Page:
In any event, one of our licensees has 40 different parts running now and is prototyping and testing many more. Another has already invested some $80 million in capital expenses and has found it necessary to buy a local moldmaker to make its TXM tooling to keep up with demand.

IMM: What sort of new technologies are in the works?

Decker: New magnesium alloys are in development that will provide even easier moldability and greater heat resistance for applications like automotive transmissions. And even with all of the growth in the consumer electronics market, we have yet even to scratch the surface of the potential for magnesium TXM in EMI/RFI shielding applications.

There have been some investigations into using TXM zinc for high-volume applications, like molded door handles. And we have already seen some encouraging results from working closely with the DOE [Dept. of Energy] and Alcoa on aluminum TXM. It is a much more aggressive material, but we are confident that aluminum TXM will happen. We expect to see commercial TXM aluminum parts within a year’s time.

There have been some recent developments in machinery and molds to increase energy efficiency and part yield in magnesium molding to more than 90 percent. And work has already begun on what we call "macrocomposite manufacturing cells," which are designed to overmold plastics on TXM materials. It is a value-adding concept combining the best of both worlds.

Prewitt: There is also considerable work being done on the part design engineering front, especially when it comes to CAE mold flow simulation and analysis. Meanwhile, the first edition of our basic design manual is nearing completion. It will be a living document, perhaps a ring-bound manual that users can add to over time. We are also considering a CD-ROM format.

As you can see, Ray and our team are constantly working on new technologies and we are getting a tremendous number of calls and inquiries about the process. One thing we noticed is that there is still confusion about TXM compared with other metal injection molding processes. TXM is a one-step, closed- machine process where a metallic feedstock goes in and the part comes out. The process eliminates the need for feedstock compounding, binders, debinding, and sintering.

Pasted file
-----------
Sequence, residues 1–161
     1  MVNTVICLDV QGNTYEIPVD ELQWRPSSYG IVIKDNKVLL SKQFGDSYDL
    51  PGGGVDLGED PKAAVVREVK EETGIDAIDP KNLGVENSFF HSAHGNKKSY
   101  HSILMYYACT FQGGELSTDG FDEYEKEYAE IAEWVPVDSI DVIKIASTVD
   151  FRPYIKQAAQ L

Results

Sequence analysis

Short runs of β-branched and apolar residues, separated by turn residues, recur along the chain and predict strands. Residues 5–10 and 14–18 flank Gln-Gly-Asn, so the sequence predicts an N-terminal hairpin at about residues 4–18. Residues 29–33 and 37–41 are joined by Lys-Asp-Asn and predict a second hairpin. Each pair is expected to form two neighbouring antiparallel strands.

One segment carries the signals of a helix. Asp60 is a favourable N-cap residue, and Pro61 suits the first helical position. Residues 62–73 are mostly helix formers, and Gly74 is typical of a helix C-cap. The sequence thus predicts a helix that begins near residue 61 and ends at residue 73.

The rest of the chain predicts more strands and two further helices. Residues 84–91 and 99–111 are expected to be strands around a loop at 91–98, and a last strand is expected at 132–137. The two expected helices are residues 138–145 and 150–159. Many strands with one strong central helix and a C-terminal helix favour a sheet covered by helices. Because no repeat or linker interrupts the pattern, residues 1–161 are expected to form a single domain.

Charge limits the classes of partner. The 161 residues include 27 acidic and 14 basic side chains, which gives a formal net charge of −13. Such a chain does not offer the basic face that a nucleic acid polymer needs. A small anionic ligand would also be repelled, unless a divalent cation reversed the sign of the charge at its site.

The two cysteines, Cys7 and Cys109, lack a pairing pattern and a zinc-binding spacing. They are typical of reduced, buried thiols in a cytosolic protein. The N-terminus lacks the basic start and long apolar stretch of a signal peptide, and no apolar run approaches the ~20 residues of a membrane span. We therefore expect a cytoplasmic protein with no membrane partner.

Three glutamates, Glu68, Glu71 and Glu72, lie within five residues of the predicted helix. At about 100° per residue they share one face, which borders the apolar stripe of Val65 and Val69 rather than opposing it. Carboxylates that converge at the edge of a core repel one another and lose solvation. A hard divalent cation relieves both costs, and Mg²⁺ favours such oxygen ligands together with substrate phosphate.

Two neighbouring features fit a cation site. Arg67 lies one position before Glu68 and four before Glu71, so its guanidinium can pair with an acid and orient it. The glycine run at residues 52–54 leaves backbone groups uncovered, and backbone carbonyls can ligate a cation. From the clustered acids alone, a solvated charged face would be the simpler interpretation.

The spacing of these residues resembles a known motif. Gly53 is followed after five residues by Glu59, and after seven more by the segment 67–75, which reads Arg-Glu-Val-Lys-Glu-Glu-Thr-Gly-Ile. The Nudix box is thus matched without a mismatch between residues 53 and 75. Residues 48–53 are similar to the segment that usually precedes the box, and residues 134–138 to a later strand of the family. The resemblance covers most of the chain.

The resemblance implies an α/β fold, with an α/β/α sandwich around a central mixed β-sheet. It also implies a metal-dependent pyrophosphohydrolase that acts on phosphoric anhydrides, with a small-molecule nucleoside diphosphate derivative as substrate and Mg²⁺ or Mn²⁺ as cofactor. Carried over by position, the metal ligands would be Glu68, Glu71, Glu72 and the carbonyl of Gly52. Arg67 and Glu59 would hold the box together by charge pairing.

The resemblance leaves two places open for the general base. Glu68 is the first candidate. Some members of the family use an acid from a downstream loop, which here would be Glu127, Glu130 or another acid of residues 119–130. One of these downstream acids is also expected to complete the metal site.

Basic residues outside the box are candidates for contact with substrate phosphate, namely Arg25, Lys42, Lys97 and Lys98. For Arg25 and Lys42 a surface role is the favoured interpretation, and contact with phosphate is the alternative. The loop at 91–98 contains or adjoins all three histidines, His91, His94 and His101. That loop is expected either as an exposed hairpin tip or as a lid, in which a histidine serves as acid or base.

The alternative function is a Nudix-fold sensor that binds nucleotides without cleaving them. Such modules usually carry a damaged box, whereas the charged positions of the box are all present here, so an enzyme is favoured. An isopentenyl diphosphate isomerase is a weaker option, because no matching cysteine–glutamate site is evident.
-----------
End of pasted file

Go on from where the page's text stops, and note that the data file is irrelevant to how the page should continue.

IMM: Earlier you spoke of aluminum. How will all the mergers and acquisitions among aluminum suppliers last year influence the TXM marketplace?

Prewitt: It is still too early to tell, but we do not anticipate that it will have any negative impact.

IMM: What kind of interest are you getting from automotive suppliers?

Prewitt: One plastics automotive supplier came to us to find out about magnesium TXM. He told us he refuses to put diecasting machines in his plastics plant and told his customers he would not get into magnesium unless it could be TXM magnesium, strictly because of the environmental problems with diecasting.

IMM: Do you foresee any raw material supply problems this year?

Prewitt: There has been a tremendous amount of recent activity among magnesium producers. Several new refineries are coming onstream all around the world, and existing producers are expanding because of increased demand for magnesium, particularly in the automotive sector. All of the major automakers have staffs dedicated to increasing usage of magnesium because it is such a strong, lightweight, and environmentally friendly material. Rossborough and JSW are our only licensed chip suppliers so far, but we are talking to others.

IMM: Have you been satisfied with JSW and Husky as your licensed machinery builders?

Prewitt: Yes, extremely satisfied. Both are gearing up their TXM operations and continue to show a true commitment to the technology and to the business. Both have guaranteed us that they can fill the market’s need for machines. We have mostly been involved with the small end of the market—companies with five to 10 machines. To date, we have not addressed the really big end of the market, companies that need turnkey systems involving 50 machines or more per sale. That requires more resources than we currently have on board. We are investigating various alliances along with JSW and Husky that would bring the resources necessary to address large turnkey operations.

Decker: We continue to support both with our R&D. We have added a metals laboratory manager, a project engineer, and a plant superintendent, and we plan to add more. We spent about $1 million this year on R&D and we are looking to spend more. Our R&D activities are mainly concentrated on the heart of the system, on screws and barrels, materials of construction, and processing. And we have entered into discussions with moldmakers to forge alliances so that we can avail ourselves of their expertise and recommend them to new licensees.

Also, we will have two TXM machines on the floor here in the not-too-distant future to help in process and product development efforts, and to assist licensees with pilot runs. We will have a 220-ton JSW and a 500-ton Husky.

IMM: Do you have any plans to intensify your sales and marketing efforts?